To find the best new emerging technologies, Jones said in addition to talking to other companies and young new talent, he keeps up with recruiting blogs, conferences and online information.
“For college recruiting, the recruiting department meets with recent grad hires each year to see why they chose HPTi and what tools they used to find a new position,” he said. “This information gathered is then researched for possible use in the next season of college recruiting.
Gordon said the best way to learn about up-and-coming tools is through networking with senior recruiting leaders, partnerships and relationships with current vendors, “and other articles/white papers/blogs (through ERE, Adler Concepts, etc.).”
As the talent pool seems to diminish every year, Jones said it is important for recruiters to keep up with technology to attract new employees.
“Innovation is key to getting to candidates before our competitors — we are constantly researching new and emerging technologies to see what the next Facebook or LinkedIn sourcing tool is going to be,” he said. “Additionally, we strive to ensure that we are taking full advantage of these sources and leveraging the recruiting opportunities the tools offer.”
With the popularity of new technologies, some companies have decided to phase out traditional recruiting completely and instead employ Web 2.0 tools as the main source of hiring. Last year, San Francisco-based digital marketing agency Organic began incorporating Twitter into its social-media recruiting strategy and held a “Twitter Twaining” to teach recruiters how to search for key talent on the micro-blogging site.
In a short time, 75 percent of available jobs were placed solely on social-media sites such as Twitter, LinkedIn and Facebook. Only a quarter of job postings remained on traditional job boards such as Mediabistro, Monster and TalentZoo.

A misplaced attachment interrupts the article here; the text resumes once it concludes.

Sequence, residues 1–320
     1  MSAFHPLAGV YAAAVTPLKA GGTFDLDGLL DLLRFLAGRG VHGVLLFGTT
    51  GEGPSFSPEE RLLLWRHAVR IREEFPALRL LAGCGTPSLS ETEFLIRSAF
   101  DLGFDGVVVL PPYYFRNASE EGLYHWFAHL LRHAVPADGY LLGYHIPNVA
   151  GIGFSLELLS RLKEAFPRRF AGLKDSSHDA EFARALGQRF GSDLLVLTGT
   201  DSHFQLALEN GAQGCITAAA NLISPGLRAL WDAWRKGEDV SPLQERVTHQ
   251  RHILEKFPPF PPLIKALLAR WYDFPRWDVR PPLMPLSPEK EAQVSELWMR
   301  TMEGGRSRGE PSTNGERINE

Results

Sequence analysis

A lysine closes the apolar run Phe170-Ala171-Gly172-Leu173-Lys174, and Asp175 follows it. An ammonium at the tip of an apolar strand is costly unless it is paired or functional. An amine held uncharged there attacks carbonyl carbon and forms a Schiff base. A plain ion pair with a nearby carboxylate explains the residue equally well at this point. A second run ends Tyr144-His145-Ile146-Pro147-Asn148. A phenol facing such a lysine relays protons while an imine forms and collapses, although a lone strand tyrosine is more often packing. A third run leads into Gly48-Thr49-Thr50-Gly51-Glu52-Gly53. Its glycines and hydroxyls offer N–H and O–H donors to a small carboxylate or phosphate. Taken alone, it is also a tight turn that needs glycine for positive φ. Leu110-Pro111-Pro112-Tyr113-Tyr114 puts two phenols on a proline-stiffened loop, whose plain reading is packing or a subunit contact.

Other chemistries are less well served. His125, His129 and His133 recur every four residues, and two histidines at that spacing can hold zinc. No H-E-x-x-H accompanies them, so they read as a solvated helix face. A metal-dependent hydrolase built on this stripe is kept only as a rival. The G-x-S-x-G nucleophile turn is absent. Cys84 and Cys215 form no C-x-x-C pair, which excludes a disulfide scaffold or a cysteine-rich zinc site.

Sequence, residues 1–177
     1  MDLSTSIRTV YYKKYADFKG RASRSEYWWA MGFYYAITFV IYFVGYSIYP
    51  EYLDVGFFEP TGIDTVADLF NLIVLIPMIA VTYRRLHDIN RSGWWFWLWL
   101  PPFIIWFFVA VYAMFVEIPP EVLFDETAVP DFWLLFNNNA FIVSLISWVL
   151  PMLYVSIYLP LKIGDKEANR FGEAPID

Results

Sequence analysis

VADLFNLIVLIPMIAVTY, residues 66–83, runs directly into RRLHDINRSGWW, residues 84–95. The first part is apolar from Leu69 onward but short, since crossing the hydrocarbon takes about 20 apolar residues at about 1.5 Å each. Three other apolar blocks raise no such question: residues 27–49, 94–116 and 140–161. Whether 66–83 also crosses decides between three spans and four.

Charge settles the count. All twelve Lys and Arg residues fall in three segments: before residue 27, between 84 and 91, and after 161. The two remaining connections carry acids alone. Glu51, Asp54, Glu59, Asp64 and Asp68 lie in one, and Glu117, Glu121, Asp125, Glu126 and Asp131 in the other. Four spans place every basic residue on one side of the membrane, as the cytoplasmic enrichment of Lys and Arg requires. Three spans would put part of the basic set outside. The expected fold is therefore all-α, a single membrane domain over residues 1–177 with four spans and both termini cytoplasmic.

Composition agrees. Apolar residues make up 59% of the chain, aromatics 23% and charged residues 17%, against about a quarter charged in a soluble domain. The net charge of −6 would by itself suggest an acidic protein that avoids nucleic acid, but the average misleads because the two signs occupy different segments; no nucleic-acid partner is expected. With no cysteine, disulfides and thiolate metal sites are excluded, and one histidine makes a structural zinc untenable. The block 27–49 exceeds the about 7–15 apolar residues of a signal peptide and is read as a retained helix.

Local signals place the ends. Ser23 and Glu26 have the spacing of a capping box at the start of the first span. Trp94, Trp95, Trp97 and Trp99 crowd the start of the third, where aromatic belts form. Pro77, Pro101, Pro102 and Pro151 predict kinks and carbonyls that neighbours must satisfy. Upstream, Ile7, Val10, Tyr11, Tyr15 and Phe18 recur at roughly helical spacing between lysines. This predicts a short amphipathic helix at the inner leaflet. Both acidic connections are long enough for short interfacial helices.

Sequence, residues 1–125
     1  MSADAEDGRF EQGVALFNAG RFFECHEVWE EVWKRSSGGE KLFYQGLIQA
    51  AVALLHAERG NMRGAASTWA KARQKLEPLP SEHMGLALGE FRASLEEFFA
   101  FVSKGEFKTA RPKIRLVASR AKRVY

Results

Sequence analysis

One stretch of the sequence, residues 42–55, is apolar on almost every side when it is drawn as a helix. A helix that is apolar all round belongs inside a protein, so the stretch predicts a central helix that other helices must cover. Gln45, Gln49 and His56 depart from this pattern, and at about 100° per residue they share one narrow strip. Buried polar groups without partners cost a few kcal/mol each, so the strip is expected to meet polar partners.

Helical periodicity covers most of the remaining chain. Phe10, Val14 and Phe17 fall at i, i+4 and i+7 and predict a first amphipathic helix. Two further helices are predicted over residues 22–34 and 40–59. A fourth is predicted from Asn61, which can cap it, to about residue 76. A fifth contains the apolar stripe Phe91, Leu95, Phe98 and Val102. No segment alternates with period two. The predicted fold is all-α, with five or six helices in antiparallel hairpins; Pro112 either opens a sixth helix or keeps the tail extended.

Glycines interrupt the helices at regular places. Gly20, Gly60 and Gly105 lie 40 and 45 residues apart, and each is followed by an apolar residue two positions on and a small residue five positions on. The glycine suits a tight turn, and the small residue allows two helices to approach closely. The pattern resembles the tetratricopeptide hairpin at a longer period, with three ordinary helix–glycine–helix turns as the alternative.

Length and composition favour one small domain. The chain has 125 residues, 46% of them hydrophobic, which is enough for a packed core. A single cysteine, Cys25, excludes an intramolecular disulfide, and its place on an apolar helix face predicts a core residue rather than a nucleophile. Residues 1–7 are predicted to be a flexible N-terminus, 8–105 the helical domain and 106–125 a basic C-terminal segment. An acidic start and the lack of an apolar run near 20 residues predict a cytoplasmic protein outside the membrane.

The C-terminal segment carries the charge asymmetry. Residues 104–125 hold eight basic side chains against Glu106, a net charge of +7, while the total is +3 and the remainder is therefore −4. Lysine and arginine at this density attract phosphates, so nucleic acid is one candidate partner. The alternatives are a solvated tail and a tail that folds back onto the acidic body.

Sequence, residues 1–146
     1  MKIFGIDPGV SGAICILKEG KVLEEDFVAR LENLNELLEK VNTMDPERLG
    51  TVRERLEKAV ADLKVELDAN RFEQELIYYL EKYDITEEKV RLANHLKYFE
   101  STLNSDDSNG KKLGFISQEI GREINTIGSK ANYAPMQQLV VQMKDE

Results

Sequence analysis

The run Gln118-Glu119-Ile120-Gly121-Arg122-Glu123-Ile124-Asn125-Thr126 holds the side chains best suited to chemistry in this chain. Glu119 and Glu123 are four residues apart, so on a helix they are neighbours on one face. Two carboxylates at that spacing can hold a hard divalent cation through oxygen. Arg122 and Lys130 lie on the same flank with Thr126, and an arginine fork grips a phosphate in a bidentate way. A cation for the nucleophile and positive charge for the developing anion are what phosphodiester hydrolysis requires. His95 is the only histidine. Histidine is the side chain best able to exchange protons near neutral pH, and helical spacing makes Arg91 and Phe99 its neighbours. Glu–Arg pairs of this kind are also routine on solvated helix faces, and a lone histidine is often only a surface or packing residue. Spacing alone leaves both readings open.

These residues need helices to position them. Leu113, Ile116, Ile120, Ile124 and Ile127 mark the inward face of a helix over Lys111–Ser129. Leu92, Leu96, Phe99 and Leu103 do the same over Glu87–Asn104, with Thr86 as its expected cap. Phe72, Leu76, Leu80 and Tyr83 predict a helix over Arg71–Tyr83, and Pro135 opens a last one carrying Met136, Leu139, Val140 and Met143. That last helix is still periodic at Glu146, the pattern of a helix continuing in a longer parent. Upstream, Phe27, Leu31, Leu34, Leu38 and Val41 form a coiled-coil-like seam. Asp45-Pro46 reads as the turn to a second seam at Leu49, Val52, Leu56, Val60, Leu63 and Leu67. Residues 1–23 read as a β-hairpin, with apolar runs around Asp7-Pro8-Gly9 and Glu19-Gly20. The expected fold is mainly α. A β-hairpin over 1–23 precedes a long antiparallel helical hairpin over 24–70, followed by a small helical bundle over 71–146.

“Why are we weaning ourselves from traditional job boards? Simple: We get results from social-networking tools — with no expense,” Organic’s Tracy Cote and Traci Armstrong wrote in Advertising Age. “Every day, we discover new and innovative ways to use social media for our recruiting efforts.”
As evidenced, technology allows job seekers and hiring managers to connect in the 21st century in an unprecedented way, and staying abreast of trends is vital in surviving and progressing as a business. According to Gordon, to be a successful company, one has to continuously look to advance technologically; staying stagnant while others are moving forward will hurt a business.
“Management likes to see that the recruiting organization is keeping up with technology trends and aren’t satisfied with maintaining the status quo especially when you are in a professional services industry where our greatest asset is our people,” she said. “As a growing organization, we constantly need to look at process improvements, efficiencies and ways to differentiate ourselves from our competitors and one of the best ways to do that is through the use of intelligent technologies.”